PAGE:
I don't remember a time that I didn't draw; I began drawing seriously in high school and intended to become a technical illustrator. Lack of planning and foresight led me to a degree in architecture, instead of an education in art. External distractions, such as a lack of work led me to an eight-year career in construction; further distractions, such as a l ack of work led me to a career with the City of Portland as a Building Plans Examiner, from which I retired with a medical layoff in 1998. But the dream never died. . . . I have been a freelance commercial artist and designer for over thirty years; primarily working on commission for individuals as sort of a professional hobby until 1998.
During my college years I exhibited my artwork in a number of non-juried shows, but found little time for serious illustration until 1988, when a ruptured appendix and a brush with death caused me to re-evaluate my goals and priorities. I realized that my future wasn't as predictable as it appeared; and that God has given me a talent He intended to be used for the benefit of others. I then decided it was time to get serious about my career as an illustrator.
My body of work is fairly eclectic in its nature, and isn't specifically geared toward one type of illustration, however, all of my illustrations are realistically-styled. My preferred media are graphite, digital and colored pencil; I also use ink, watercolor, acrylics and airbrush as the need arises. Over the years I have created a large number of wildlife drawings, portraits, architectural and technical illustrations. I teach art classes for children on an irregular basis; I also do school visits. My first book jacket was published in the fall of 1999; my first children's book was published in 2000. My work has been published internationally in children's books, periodicals and on the internet. It seems appropriate to me that I have chosen an apocryphal text as the title for my artist's statement. I am a fairly apocryphal Protestant, in that while I do believe in the divinely-inspired truth of the Bible, as it was transmitted in its original manuscripts, I don't believe that God has limited himself to one form of explanation as to His existence. Illustration, at its best, should reflect the nature and character of the illustrator, as well as present the story, idea or message that the author attempts to convey. As a Protestant, I find that I am less of an evangelist, and more of an encourager, or "exhorter" as the Scriptures are usually translated. Consequently, my work tends toward encouragement, or presentation of life as I would like it to be, and perhaps as I feel it was intended to be, rather than a presentation of either a moral or philosophical message. I like to capture images, ones that move me with their character or beauty. Although I do, on occasion, create illustrations that are intended to present a statement of life as I perceive it, the majority of my illustrations are intended to simply present to the viewer a moment in time that I wish to share.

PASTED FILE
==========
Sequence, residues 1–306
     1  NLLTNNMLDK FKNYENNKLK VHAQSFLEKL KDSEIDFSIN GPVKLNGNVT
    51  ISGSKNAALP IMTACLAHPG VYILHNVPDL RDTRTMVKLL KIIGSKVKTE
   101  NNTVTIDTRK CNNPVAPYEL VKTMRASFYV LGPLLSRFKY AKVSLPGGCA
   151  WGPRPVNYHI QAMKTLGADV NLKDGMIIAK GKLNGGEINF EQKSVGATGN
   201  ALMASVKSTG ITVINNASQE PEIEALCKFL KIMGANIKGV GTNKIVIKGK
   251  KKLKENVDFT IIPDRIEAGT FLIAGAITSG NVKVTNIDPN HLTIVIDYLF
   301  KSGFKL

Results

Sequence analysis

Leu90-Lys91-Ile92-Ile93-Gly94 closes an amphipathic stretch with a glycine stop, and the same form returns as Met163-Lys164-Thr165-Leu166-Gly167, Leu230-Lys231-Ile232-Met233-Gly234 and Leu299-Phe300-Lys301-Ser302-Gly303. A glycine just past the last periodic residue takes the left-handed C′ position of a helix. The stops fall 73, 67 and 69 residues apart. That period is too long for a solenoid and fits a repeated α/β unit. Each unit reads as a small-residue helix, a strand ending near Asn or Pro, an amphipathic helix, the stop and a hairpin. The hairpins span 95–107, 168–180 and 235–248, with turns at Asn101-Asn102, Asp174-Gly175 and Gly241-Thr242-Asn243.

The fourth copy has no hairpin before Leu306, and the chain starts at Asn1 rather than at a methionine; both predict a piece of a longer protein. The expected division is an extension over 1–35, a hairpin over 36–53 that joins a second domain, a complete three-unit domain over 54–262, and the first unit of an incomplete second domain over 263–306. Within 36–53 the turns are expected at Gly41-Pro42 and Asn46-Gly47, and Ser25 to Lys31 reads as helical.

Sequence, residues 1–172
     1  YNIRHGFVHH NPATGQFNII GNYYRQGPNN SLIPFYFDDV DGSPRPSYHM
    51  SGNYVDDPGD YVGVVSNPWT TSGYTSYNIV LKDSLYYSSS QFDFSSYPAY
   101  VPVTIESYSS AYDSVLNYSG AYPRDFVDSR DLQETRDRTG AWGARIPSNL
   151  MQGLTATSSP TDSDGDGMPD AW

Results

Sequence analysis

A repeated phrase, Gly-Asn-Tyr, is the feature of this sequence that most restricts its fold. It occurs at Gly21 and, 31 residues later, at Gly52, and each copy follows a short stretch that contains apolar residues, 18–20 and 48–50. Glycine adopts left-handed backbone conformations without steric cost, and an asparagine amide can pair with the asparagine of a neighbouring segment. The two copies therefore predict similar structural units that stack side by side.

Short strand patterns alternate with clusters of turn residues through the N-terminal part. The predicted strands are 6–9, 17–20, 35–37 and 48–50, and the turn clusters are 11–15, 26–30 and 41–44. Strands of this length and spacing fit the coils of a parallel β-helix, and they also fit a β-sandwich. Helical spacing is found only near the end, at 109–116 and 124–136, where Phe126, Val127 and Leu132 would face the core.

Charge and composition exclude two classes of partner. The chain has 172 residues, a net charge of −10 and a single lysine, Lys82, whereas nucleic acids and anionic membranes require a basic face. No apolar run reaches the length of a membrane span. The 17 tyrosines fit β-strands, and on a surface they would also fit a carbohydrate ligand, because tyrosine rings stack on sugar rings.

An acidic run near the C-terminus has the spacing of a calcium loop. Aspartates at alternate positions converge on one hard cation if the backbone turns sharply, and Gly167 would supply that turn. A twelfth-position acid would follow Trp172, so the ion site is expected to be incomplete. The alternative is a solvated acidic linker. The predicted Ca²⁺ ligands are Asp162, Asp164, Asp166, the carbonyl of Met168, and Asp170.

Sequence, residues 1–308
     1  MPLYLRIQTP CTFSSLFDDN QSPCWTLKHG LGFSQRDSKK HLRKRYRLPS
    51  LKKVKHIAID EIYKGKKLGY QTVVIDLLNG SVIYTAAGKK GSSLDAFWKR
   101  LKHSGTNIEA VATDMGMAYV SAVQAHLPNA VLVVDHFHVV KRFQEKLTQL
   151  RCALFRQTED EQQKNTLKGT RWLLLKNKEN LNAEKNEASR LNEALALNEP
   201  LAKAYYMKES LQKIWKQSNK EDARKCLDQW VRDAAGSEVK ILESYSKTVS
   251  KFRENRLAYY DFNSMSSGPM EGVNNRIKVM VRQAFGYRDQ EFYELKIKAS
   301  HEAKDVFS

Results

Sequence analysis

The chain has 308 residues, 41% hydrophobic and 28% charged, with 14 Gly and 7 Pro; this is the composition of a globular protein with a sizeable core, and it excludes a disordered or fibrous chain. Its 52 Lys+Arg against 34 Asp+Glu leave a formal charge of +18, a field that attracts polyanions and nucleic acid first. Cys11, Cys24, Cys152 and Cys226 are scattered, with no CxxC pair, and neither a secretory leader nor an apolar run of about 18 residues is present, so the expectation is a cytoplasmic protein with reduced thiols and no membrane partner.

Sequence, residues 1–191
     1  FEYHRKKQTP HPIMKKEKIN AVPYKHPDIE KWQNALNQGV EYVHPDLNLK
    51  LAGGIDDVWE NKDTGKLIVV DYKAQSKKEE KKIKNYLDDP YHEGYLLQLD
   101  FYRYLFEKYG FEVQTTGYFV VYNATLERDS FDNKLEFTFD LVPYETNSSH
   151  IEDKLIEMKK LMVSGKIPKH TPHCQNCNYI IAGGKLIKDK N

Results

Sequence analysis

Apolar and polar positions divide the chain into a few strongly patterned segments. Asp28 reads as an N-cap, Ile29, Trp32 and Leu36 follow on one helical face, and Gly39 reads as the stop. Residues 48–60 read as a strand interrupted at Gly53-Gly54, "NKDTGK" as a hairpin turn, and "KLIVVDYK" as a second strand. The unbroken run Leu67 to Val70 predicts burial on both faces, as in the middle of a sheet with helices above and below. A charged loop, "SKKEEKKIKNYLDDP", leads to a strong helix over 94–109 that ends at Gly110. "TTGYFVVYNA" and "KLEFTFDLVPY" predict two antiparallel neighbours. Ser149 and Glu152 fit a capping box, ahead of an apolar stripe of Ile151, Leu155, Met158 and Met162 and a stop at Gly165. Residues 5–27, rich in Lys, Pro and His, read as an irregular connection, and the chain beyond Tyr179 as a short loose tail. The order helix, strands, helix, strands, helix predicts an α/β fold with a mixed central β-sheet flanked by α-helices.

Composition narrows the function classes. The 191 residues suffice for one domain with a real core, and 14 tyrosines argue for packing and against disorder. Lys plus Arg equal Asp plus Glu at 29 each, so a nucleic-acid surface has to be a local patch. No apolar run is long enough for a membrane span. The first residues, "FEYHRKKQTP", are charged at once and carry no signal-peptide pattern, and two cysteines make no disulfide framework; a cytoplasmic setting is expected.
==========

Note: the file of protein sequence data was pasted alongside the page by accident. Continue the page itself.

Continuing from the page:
I believe that the vast majority of us neglect to enjoy and experience the small moments of life, which often contain the greatest meanings for all of us. In general, if there is a message to be found in my work, it is primarily because that message is already present in the viewer, and I have had the experience of presenting it to the viewer.
To contact Marty Jones:
Or visit online: http://mjarts.wordpress.com
As a benefit of membership, SARTS members are encouraged to submit up to ten images with an artist's statement, and we will be happy to create a page for you in our members' gallery. Please submit the following to firstname.lastname@example.org: